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Key House GOP leader opposes new health-care deal

Key House GOP leader opposes new health-care deal
© Greg Nash

The chairman of the largest bloc of House conservatives is criticizing a bipartisan deal in the Senate that would extend critical payments for ObamaCare to insurers, arguing it will help prop up a law the GOP vowed to dismantle.

Republican Study Committee (RSC) Chairman Mark Walker (R-N.C.) also argued “ObamaCare is in a 'death spiral.' "

"Anything propping it up is only saving what Republicans promised to dismantle,” he tweeted.

The proposal worked out by Sens. Lamar AlexanderAndrew (Lamar) Lamar AlexanderOvernight Health Care — Presented by the Coalition for Affordable Prescription Drugs — Senate blocks Dem measure on short-term health plans | Trump signs bill banning drug price 'gag clauses' | DOJ approves Aetna-CVS merger | Juul ramps up lobbying Trump signs bills banning drug pricing 'gag clauses' Senate defeats measure to overturn Trump expansion of non-ObamaCare plans MORE (R-Tenn.) and Patty MurrayPatricia (Patty) Lynn MurrayOvernight Health Care: House passes funding bill | Congress gets deal on opioids package | 80K people died in US from flu last winter Wilkie vows no 'inappropriate influence' at VA Dems push back on using federal funds to arm teachers MORE (D-Wash.) would extend payments compensating insurers for lowering the out-of-pockets costs of certain Obamacare enrollees for two years.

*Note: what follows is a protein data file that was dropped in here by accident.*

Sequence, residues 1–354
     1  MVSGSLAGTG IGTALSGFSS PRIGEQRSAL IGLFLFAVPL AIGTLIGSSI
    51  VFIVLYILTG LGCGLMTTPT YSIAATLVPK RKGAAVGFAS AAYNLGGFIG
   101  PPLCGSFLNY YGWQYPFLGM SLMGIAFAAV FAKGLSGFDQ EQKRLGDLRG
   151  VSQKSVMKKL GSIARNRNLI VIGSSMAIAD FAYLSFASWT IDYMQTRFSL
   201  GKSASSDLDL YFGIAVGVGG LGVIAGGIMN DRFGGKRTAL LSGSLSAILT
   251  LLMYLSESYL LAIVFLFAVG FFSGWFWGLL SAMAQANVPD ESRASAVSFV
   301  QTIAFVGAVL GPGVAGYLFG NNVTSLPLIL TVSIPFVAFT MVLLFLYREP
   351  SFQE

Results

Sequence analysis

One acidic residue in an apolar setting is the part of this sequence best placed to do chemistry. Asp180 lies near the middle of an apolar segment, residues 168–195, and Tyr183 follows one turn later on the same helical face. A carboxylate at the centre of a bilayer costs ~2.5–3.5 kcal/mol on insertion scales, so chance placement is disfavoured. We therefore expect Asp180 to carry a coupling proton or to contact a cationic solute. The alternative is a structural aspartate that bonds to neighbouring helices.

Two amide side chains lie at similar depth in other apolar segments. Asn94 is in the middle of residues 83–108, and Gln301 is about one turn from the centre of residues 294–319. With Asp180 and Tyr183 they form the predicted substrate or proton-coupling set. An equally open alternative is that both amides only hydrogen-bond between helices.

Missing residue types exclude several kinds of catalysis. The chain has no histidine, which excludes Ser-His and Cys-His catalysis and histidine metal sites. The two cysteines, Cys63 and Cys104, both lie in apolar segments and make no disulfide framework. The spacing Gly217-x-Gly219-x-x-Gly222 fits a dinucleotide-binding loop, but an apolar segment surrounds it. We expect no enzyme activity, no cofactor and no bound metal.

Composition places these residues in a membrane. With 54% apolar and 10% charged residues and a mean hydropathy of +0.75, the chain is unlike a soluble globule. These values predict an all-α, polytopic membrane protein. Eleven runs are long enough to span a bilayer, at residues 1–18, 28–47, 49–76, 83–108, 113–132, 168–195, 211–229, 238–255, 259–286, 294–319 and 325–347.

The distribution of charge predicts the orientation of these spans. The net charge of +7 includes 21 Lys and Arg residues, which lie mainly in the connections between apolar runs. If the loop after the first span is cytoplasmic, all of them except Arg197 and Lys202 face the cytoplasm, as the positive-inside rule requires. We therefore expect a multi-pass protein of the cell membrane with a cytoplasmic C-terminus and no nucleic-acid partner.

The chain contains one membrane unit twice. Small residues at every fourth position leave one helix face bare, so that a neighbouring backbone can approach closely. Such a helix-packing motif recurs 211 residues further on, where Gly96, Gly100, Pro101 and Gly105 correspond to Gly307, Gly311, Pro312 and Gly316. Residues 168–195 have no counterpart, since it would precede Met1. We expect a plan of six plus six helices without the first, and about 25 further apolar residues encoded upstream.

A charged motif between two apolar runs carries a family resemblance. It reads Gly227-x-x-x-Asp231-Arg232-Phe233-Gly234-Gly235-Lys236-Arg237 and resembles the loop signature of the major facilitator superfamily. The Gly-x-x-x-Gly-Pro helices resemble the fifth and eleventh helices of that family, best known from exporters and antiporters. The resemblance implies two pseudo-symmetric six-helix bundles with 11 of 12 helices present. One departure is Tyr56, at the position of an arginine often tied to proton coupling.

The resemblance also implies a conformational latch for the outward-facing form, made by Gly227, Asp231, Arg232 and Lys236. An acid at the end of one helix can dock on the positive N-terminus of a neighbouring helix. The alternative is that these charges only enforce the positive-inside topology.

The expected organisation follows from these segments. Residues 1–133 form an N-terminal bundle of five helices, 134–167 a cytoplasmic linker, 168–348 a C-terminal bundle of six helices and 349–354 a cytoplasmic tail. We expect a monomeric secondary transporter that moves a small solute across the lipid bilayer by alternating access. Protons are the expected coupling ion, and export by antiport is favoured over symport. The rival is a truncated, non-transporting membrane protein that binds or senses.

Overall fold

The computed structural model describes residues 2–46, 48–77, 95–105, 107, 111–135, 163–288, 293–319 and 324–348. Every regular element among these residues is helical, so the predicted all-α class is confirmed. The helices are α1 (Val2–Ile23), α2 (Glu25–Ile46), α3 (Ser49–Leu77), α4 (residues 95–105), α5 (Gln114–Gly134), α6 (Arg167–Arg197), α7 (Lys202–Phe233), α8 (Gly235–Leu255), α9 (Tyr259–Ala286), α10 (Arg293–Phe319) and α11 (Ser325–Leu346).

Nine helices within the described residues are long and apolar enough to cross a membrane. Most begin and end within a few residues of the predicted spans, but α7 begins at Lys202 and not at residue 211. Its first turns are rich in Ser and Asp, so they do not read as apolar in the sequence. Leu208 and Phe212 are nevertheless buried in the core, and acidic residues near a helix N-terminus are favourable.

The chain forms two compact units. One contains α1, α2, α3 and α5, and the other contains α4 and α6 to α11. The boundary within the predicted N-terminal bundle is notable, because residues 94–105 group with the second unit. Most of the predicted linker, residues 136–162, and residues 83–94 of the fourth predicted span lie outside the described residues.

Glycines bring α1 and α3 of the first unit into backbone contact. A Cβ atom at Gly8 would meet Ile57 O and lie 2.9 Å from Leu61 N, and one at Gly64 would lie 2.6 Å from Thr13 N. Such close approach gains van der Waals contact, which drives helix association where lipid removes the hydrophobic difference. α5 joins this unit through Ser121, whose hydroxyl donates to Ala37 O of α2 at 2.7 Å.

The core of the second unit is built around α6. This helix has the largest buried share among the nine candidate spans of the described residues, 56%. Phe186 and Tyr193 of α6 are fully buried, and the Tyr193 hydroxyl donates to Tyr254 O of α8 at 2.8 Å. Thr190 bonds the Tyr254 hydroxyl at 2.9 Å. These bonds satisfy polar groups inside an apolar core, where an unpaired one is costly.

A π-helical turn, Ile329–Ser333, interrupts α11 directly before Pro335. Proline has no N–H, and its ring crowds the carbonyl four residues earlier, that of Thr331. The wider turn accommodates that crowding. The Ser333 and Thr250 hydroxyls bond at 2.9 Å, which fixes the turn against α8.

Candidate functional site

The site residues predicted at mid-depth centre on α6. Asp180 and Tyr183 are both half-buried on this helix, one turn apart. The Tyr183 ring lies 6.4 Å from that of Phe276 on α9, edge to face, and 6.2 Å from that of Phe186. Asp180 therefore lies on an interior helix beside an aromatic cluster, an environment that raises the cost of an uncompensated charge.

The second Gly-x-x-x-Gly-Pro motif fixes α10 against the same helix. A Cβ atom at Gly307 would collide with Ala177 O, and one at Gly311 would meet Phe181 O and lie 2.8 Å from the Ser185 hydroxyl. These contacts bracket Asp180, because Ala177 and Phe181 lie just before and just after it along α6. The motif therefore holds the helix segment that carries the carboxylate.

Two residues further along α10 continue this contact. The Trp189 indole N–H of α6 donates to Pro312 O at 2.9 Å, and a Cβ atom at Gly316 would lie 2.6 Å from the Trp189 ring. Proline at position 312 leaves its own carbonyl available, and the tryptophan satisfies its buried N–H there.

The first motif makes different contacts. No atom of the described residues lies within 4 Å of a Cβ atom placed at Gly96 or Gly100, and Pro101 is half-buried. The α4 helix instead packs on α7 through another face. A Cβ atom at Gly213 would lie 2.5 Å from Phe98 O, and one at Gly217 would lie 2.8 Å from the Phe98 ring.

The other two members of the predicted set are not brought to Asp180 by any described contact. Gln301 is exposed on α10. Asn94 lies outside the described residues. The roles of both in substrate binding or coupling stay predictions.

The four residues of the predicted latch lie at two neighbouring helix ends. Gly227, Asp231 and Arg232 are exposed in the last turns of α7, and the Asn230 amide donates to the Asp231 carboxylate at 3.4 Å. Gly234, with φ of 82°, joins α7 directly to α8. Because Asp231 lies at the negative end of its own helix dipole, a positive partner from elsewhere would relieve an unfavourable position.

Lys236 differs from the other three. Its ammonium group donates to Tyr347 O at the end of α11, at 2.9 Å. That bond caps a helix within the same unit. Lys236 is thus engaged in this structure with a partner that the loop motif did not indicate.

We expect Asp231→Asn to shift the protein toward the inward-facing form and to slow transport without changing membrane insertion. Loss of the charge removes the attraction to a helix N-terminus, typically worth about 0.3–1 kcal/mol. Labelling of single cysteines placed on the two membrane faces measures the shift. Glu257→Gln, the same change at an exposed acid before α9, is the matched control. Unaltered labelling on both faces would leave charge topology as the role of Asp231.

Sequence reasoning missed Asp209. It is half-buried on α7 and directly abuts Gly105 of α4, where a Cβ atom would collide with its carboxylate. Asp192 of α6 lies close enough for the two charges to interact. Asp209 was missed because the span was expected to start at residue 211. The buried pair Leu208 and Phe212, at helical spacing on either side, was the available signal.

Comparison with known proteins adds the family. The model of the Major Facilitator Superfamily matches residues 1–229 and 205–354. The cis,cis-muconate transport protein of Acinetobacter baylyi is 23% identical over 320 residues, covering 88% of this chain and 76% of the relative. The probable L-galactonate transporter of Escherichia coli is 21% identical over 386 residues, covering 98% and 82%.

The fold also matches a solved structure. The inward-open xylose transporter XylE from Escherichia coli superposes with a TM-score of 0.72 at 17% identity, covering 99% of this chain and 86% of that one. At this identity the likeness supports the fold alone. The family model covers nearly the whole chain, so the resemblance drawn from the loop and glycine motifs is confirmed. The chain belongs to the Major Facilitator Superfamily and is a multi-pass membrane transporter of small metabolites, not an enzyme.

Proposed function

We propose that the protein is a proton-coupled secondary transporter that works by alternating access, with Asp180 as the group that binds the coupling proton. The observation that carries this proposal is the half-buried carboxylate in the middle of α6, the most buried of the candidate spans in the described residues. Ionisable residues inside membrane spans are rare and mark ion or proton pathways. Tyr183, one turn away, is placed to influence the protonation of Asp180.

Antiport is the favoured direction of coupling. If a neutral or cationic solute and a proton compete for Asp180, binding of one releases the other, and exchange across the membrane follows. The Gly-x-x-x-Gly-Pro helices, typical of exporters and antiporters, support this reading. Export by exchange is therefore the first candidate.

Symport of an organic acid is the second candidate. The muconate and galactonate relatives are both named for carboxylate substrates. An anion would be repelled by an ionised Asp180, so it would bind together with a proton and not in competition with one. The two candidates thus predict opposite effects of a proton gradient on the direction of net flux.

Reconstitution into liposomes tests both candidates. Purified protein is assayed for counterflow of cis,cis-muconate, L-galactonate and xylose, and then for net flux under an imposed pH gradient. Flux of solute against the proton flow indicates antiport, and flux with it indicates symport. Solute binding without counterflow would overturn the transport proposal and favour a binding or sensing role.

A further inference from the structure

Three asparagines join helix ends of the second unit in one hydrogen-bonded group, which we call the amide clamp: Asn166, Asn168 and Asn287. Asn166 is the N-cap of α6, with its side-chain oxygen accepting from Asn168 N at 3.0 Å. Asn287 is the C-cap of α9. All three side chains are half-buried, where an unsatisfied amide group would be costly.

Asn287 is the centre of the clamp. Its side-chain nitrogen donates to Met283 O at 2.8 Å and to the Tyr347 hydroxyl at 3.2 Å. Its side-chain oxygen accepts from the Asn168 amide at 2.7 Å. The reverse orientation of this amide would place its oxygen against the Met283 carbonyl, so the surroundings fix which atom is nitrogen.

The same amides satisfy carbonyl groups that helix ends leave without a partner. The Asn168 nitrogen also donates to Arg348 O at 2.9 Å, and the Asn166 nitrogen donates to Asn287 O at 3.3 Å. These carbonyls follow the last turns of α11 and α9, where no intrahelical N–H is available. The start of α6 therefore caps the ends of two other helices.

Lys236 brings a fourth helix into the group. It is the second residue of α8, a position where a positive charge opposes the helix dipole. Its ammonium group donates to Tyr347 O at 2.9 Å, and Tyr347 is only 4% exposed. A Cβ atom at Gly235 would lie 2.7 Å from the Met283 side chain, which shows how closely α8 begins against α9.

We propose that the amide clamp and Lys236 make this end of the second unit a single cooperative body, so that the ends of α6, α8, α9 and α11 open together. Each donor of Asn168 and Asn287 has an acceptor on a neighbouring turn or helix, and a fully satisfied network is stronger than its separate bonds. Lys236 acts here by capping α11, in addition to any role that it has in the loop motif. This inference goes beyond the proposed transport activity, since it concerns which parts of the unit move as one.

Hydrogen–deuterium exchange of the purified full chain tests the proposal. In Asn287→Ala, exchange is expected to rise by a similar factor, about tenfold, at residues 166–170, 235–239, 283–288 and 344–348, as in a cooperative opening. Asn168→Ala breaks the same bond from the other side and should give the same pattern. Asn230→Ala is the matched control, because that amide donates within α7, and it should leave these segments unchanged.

Trump announced last week he was ending those payments, arguing the Obama administration never had the power to make them.

Supporters of ObamaCare argue that premiums will rise and enrollment will likely fall without the payments, and have pressed Congress to take action.

But the opposition from Walker is significant, and suggests Speaker Paul RyanPaul Davis RyanGOP leaders hesitant to challenge Trump on Saudi Arabia Republicans should prepare for Nancy Pelosi to wield the gavel Ryan signals support for sanctions if Saudis killed Khashoggi MORE (R-Wis.) could run into stringent opposition from his own party if he seeks to advance the legislation in the House. The RSC has more than 150 members.

The deal would also grant states more flexibility to waive ObamaCare rules and restore $106 million in outreach funding for ObamaCare, according to a Democratic aide.

Trump appeared to signal his support for the deal, saying it’s “a short-term solution so that we don’t have this very dangerous little period” for insurance companies.